"If you look at our recent history, we've had several candidates, nominees who've won the popular vote and lost the Electoral College. What does that say?" Hillary Clinton said Wednesday in a CNN interview with Anderson Cooper.
In her book "What Happened," Clinton renewed her call to end the Electoral College, something she said she called for after Al Gore lost the 2000 presidential election.
"An anachronism that was designed for another time no longer works, if we've moved toward one person, one vote," Clinton explained.
So what would that take?
The Electoral College is part of the Constitution, so getting rid of it would take a constitutional amendment.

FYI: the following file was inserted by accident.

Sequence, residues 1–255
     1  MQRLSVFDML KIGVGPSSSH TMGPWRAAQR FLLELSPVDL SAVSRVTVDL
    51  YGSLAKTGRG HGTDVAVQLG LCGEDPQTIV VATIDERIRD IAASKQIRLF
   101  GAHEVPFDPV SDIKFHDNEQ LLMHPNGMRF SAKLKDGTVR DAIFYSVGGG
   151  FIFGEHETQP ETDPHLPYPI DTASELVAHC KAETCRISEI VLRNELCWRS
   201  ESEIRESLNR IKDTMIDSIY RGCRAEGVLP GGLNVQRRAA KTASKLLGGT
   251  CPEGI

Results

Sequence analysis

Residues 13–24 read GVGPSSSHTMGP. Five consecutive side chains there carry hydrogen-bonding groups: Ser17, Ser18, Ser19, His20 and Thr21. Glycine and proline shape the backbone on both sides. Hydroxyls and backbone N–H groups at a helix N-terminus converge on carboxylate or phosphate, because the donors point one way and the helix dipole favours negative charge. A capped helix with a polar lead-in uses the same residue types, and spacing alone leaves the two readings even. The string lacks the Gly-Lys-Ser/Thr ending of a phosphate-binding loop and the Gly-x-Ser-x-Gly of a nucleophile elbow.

For those who need a quick civics lesson — that requires the House and Senate to pass the amendment with a two-thirds majority. Then it has to be ratified by three-fourths of the states.
It's been more than two decades since we've amended the Constitution.
The 27th Amendment, passed in 1992, requires any salary changes for Congress to go into effect after the next election.
Proposals to change or eliminate the Electoral College have popped up in Congress over 700 times.
Two resolutions to abolish the Electoral College have been introduced in the House this year. Congress hasn't taken meaningful action on either one.